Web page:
Uniting workers and communities in the London Borough of Camden
Longer working hours and excessive pressures at work are causing a third of British employees to feel threatened by “burn-out”, a new research report from HR consultants Towers Watson has found.
The global study, which surveyed 32,000 employees worldwide, revealed that UK employees are working increasingly long hours: over a half of British respondents (58%) said that they have been working more hours than normal over the past three years (while half of them expected this to continue for a further three years), and 26% admitted that they have not been taking as much holiday or personal time off over the same period
The mounting pressure felt by British workers to demonstrate their commitment to their job by constantly being in the office echoes the findings of the CIPD’s annual Absence Management survey, published last October, which saw a marked rise in presenteeism With an unstable economic climate and fears surrounding job security, a fifth of workers unsurprisingly feel that the amount of work they are asked to do is unreasonable, with 30% believing their organisation is underresourced Furthermore, less than a third said that their bosses were supportive of health and wellbeing policies to help them cope with increasing stress levels.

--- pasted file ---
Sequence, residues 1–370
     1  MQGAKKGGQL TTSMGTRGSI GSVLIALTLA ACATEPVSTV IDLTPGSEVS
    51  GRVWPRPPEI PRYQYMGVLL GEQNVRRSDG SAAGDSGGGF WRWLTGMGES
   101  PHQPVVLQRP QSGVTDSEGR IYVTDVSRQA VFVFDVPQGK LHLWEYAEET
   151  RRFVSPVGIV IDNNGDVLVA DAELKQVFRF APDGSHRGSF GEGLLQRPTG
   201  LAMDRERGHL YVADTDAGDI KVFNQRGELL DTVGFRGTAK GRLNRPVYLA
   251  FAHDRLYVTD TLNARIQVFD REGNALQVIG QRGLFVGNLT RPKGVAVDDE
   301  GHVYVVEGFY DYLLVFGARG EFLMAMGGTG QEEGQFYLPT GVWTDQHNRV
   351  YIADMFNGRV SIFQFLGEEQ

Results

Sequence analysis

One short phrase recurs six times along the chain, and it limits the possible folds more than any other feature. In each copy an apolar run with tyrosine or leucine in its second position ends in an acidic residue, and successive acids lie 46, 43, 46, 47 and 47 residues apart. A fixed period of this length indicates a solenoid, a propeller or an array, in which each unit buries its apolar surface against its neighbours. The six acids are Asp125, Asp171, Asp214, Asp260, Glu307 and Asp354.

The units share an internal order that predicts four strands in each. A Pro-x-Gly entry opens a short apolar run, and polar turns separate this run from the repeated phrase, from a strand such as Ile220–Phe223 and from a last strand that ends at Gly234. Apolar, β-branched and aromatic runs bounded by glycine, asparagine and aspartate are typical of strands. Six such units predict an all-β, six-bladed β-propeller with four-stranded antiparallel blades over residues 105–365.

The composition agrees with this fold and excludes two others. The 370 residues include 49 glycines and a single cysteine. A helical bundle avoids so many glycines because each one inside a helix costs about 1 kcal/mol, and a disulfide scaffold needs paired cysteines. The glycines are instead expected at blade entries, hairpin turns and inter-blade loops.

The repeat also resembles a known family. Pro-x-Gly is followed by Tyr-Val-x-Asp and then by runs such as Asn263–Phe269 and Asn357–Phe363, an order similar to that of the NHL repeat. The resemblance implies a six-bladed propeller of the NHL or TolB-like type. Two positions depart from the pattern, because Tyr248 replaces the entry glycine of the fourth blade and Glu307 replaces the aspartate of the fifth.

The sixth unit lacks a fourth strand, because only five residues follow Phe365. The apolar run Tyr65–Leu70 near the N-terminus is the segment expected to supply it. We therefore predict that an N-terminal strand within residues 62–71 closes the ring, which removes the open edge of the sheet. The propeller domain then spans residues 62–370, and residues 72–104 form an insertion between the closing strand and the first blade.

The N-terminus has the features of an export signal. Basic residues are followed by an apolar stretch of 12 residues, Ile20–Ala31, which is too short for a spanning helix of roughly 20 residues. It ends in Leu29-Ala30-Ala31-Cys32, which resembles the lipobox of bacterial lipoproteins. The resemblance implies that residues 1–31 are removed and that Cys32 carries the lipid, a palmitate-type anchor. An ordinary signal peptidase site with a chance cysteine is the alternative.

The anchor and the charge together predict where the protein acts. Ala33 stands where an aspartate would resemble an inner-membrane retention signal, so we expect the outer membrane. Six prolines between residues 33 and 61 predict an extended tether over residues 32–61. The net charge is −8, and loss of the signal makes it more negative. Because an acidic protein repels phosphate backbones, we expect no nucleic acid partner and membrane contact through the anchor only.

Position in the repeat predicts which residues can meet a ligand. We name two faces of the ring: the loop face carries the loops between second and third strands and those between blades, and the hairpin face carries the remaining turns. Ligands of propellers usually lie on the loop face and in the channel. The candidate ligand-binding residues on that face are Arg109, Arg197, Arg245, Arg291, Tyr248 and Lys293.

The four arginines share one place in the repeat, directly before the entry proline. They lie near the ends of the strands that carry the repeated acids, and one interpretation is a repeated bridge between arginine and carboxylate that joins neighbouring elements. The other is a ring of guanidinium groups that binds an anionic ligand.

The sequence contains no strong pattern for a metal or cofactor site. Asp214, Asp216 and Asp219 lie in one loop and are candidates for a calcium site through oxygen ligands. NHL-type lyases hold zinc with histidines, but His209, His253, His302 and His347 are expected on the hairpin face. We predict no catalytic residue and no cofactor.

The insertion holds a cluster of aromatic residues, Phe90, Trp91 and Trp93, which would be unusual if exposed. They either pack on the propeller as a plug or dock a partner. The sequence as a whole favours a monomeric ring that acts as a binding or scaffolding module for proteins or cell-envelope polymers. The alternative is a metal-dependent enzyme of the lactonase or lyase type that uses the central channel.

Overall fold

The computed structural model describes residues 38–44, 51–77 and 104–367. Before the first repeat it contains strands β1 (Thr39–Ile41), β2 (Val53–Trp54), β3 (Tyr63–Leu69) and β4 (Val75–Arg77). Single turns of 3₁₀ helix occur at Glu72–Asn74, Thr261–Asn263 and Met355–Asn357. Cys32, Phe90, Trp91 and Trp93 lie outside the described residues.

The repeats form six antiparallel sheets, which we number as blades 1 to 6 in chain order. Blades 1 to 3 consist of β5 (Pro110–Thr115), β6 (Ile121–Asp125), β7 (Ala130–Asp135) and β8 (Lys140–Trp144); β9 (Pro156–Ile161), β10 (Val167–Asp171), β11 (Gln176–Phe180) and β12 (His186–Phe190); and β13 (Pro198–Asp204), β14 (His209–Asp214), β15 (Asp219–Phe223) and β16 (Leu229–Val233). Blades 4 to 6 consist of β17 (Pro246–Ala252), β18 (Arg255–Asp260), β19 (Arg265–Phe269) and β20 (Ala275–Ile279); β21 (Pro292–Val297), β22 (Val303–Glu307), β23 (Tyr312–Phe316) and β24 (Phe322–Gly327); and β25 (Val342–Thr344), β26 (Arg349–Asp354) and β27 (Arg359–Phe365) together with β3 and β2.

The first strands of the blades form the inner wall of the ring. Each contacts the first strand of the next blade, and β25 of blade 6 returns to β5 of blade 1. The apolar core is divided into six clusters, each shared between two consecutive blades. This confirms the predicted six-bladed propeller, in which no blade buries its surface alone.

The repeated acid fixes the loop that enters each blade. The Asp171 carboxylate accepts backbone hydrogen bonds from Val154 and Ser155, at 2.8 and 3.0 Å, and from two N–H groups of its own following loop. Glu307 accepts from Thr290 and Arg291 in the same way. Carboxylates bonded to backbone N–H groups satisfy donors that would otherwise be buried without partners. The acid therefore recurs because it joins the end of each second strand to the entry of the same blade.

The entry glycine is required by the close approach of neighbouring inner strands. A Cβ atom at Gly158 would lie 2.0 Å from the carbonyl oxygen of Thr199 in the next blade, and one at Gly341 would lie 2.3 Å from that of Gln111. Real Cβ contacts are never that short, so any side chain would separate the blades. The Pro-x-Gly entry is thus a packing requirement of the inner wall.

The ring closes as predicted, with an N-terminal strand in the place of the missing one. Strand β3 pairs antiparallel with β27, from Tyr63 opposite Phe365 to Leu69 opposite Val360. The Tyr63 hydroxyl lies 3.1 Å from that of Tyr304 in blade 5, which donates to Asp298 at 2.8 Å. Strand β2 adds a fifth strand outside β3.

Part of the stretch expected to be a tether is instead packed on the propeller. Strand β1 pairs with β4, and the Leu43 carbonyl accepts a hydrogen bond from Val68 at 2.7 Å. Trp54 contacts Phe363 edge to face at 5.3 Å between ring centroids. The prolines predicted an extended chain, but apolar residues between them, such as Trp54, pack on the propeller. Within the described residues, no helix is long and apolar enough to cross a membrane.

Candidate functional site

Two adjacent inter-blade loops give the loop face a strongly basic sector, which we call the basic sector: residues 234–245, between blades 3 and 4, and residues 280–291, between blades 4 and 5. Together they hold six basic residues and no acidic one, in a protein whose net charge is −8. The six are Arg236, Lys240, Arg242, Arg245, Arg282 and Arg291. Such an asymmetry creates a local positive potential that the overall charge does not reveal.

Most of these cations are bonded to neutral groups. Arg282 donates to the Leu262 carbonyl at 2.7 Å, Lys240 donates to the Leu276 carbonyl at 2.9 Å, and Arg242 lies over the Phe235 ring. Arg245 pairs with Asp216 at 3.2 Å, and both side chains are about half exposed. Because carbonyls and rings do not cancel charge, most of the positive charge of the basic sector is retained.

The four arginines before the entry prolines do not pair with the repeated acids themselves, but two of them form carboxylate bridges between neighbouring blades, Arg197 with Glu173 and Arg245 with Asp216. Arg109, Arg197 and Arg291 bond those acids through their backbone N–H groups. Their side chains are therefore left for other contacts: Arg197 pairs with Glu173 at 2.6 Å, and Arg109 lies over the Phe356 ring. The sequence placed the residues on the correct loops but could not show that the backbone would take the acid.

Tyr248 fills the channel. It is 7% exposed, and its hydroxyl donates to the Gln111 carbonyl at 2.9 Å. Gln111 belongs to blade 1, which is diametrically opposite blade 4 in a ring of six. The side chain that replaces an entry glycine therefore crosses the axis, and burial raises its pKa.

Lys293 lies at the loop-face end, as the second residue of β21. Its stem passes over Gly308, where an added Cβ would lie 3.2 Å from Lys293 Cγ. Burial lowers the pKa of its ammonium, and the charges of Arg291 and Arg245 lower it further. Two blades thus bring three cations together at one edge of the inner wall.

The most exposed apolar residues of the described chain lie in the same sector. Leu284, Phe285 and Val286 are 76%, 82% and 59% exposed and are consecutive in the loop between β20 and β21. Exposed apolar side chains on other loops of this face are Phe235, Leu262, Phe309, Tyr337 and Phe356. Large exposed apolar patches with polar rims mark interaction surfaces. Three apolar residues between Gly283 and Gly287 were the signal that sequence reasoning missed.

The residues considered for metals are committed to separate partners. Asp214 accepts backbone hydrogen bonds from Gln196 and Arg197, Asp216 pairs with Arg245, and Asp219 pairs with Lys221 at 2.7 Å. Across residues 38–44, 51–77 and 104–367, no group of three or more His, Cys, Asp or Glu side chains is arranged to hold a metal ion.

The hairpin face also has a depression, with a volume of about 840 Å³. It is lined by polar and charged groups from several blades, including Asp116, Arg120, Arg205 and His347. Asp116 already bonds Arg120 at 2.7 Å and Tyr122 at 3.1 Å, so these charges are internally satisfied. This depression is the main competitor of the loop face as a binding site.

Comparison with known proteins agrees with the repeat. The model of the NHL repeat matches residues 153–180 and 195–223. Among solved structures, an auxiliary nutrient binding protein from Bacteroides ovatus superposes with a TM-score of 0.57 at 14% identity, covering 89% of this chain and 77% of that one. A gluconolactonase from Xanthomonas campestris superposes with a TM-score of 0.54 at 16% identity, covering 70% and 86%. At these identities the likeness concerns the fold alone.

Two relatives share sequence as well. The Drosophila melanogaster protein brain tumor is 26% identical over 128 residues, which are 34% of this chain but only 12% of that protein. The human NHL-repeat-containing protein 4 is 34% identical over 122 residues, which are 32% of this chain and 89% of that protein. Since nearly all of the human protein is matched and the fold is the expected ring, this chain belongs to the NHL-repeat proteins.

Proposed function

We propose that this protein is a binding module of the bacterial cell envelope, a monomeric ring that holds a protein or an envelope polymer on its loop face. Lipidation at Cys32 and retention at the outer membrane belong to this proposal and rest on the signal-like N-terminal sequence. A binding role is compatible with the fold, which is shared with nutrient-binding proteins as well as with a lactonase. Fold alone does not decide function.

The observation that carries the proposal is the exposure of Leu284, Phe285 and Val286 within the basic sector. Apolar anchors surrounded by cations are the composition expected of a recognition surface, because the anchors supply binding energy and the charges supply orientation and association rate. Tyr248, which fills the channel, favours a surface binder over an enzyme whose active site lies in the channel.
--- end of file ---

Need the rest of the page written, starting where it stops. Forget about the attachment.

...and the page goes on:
UK results were broadly similar to those seen across Europe, the Middle East and Africa, with similar numbers of workers feeling the strain of too much pressure, longer working hours and the lack of resources available in the workplace Stress remained the main reason for sickness absenteeism after it became the top reason for the first time in 2011.